How to Pay Off a 30-Year Mortgage in 15 Years

This is the key to paying off your mortgage early!

How to Pay Off a 30-Year Mortgage in 15 Years

If you are a first time home buyer and wondering what type of mortgage you should choose, ideally, you want a 15 year fixed rate mortgage over a 30 year one. The payments are higher, so you need to make sure you can handle the monthly costs. Your target should be about 25% of your monthly earnings. You can offset the monthly mortgage payment by putting more money down, but that all depends on what you have saved. The reason for applying for a 15-year mortgage rather than a 30-year mortgage is that you are out of debt in half the time and (more importantly) you pay less money in interest.

A 15-year mortgage is not always the best idea because you have to be practical in assessing what you can afford. If you bite off more than you can chew, you will wind up suffering from repercussions that far outway the money saved on interest payments. However, be cautious about choosing a 30-year mortgage too hastily. Lots of people opt for the 30-year plan with the idea that they will pay it off in 15. However, it’s very uncommon that they actually accomplish this. With that said, If you find yourself in a 30-year mortgage and you want to pay it down in half the time, there are some measures you can take to reach that end goal of paying off your mortgage and lowering the amount of interest you pay. Here’s a quick guide on how to pay off a 30-year mortgage in 15 years.

Make Sure You Can Pay More

Before you begin paying off your mortgage sooner than the agreed-upon term, you need to look at what your bank will allow you to do. Some banks penalize you for paying extra and you should be aware of what those additional fees are. The only way to get a loan paid off in half the time is to pay twice as much, so if there is anything in the contract that says you can’t do that you will be unable to proceed under your current agreement.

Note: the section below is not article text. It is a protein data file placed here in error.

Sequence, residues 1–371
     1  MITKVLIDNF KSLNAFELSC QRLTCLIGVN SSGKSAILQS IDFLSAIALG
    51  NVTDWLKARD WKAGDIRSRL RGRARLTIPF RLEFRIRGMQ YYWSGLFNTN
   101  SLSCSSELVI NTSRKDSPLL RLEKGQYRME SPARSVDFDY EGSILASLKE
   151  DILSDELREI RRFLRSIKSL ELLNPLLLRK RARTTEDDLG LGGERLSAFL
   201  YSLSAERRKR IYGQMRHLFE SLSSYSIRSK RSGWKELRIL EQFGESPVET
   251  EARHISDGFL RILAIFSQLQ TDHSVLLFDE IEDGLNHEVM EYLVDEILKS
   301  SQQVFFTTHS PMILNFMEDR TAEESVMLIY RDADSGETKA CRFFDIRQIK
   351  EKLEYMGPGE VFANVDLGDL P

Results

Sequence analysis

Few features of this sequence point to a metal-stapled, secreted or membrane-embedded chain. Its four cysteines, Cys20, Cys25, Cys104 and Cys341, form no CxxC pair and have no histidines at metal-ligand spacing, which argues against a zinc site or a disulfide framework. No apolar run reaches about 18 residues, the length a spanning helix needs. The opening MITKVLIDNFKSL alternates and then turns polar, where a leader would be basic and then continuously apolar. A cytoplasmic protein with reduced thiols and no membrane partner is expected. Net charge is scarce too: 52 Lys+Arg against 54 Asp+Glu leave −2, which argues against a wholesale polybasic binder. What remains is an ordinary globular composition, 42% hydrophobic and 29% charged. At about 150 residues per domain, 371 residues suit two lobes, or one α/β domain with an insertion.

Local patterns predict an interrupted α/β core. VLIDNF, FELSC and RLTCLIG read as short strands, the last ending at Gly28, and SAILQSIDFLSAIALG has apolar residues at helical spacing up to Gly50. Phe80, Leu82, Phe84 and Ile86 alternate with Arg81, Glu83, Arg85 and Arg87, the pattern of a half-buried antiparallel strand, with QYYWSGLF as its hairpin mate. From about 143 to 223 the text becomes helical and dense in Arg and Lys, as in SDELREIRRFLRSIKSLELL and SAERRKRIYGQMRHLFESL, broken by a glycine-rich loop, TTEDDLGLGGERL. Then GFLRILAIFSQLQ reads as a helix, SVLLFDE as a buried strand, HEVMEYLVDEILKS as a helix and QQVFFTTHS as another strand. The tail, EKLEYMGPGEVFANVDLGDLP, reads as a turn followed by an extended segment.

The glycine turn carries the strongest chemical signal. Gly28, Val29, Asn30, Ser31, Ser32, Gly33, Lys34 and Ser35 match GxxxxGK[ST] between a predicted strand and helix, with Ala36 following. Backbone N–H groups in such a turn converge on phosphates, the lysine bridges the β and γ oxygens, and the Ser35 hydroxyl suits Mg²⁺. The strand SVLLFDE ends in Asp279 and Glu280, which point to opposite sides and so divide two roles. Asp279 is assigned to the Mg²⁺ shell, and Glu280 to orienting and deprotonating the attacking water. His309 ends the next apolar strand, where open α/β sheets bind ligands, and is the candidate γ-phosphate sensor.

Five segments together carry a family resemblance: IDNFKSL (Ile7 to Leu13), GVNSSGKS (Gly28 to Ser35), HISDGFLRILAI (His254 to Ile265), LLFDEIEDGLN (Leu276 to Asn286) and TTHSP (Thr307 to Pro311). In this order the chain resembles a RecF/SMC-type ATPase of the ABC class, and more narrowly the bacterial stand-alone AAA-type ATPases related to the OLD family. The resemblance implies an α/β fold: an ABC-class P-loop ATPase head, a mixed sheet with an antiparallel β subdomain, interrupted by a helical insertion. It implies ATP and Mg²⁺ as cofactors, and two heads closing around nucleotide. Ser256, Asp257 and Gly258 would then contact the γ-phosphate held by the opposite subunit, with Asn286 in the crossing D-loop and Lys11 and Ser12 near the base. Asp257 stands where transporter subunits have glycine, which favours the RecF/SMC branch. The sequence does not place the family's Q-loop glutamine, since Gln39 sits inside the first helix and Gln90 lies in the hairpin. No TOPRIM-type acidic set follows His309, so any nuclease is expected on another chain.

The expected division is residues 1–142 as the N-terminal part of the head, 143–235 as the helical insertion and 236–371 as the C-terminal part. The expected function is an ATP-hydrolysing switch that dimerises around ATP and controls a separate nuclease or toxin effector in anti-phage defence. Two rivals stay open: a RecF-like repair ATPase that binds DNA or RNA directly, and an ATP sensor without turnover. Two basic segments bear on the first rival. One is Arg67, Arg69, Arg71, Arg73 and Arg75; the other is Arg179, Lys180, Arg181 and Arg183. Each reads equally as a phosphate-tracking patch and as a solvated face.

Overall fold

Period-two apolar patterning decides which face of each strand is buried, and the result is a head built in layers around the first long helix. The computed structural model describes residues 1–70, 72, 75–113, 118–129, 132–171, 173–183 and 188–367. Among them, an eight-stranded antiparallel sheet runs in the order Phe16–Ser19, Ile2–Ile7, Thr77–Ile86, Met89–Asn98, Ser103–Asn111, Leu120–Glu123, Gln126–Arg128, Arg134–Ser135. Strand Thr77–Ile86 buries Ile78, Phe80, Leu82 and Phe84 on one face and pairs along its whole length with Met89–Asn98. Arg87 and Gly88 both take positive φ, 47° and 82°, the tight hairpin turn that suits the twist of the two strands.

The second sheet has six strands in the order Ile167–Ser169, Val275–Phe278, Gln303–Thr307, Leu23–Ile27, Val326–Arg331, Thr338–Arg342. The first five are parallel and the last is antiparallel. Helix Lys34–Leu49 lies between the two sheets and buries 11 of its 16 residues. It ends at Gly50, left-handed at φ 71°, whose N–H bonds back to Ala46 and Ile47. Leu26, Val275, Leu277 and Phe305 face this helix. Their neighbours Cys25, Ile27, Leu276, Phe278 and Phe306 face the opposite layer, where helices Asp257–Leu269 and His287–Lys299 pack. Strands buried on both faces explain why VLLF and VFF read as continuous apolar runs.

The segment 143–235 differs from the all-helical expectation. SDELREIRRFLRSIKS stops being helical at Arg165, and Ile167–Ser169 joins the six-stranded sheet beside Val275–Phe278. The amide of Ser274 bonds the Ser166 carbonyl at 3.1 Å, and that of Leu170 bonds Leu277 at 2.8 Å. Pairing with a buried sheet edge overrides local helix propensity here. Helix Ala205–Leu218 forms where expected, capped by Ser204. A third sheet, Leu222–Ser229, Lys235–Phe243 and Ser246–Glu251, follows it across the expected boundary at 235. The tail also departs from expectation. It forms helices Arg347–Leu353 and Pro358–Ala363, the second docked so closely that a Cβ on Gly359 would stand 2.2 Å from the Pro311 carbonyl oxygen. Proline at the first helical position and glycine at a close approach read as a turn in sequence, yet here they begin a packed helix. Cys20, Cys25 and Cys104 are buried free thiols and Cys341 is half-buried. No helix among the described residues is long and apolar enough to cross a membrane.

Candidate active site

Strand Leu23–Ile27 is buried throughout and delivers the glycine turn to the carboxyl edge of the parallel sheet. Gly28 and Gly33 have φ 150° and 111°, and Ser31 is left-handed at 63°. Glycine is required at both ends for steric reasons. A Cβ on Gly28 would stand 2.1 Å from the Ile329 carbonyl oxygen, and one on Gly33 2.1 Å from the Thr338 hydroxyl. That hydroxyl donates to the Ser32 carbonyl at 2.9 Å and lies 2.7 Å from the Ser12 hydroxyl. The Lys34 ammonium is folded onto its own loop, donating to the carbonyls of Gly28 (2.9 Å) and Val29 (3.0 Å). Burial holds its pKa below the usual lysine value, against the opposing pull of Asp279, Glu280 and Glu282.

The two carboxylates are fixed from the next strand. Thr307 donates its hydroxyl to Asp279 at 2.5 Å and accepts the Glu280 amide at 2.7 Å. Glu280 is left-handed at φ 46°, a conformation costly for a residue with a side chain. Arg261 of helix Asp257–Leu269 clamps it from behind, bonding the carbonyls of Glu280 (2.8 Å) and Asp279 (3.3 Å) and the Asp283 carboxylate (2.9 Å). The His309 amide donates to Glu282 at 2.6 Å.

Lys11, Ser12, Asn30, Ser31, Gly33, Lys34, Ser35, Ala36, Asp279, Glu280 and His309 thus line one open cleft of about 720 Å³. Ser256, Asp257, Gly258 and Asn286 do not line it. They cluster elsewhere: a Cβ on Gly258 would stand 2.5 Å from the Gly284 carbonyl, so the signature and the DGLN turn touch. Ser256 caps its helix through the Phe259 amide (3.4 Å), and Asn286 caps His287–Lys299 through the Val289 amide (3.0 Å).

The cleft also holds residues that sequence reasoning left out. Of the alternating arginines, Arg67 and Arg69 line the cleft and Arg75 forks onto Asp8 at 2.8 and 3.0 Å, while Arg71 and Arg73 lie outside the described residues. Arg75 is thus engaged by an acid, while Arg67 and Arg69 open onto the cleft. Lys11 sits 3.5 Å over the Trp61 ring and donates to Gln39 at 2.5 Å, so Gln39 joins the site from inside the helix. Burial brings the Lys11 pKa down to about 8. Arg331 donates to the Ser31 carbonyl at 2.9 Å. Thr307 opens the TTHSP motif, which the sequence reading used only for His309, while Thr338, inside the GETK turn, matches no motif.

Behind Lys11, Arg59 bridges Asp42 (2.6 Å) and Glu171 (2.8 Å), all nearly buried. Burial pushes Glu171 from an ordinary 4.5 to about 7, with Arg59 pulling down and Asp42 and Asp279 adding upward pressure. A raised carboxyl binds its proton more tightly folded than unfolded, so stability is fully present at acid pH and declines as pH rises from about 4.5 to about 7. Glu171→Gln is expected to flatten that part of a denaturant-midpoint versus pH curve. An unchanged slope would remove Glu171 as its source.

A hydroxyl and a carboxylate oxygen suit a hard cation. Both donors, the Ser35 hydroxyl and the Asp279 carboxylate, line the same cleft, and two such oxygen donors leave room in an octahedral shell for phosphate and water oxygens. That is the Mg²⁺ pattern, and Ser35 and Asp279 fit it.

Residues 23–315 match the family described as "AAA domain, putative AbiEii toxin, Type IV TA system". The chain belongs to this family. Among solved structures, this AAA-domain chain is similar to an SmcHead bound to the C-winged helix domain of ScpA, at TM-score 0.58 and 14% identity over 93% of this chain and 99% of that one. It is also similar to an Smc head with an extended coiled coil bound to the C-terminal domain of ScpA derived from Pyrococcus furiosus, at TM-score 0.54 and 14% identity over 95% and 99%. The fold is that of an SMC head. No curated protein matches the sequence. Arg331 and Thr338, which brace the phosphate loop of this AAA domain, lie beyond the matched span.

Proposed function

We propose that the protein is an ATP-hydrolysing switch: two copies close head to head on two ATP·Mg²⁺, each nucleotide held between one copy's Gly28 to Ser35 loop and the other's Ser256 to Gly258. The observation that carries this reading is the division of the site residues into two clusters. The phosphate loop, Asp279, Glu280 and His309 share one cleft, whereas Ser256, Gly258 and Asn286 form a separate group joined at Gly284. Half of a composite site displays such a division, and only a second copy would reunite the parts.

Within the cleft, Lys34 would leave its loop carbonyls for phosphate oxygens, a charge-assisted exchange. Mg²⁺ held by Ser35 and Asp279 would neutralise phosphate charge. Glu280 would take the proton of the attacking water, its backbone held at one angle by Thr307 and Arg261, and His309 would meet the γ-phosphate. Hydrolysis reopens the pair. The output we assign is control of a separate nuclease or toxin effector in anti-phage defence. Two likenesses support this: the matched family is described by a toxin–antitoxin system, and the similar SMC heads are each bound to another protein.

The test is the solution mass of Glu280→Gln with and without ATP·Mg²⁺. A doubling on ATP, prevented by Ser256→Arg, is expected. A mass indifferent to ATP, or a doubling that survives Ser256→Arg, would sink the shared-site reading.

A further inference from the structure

Refinance

If you have a particularly bad loan agreement or are paying too much interest, you can always go the route of refinancing. That could get you out of a 30-year mortgage and into a 15. Then you would have nothing more to do other than continue to make payments under the new agreement. The downside to refinancing is that that includes fees as well. So, in addition to determining what you can afford to pay monthly, you also have to consider the value of saving on interest compared to the upfront cost of the financing service fee.

Make Extra Payments

Provided you have no penalties for paying off your loan early and your bank allows you to make extra payments, there are some things you can do with your money to ensure that you pay your loan off earlier and thus avoid losing more money to interest than you have to. Depending on your comfort level, here are some ways you can speed up your payoff time.

Bi-Weekly

You can make biweekly payments instead of monthly and really speed up the process of paying off your home loan. This is a two-pronged approach. First of all, the two monthly payments affect how interest is calculated on the loan. In a broader sense, paying biweekly adds up to one extra full payment in a year. That’s if you just stick to making half of your regular monthly payment every two-week cycle. This is also a very convenient way to pay your bills if you are on a two-week pay cycle since it is more or less automatic and it requires less effort to retain that money for the monthly due date.

Quarterly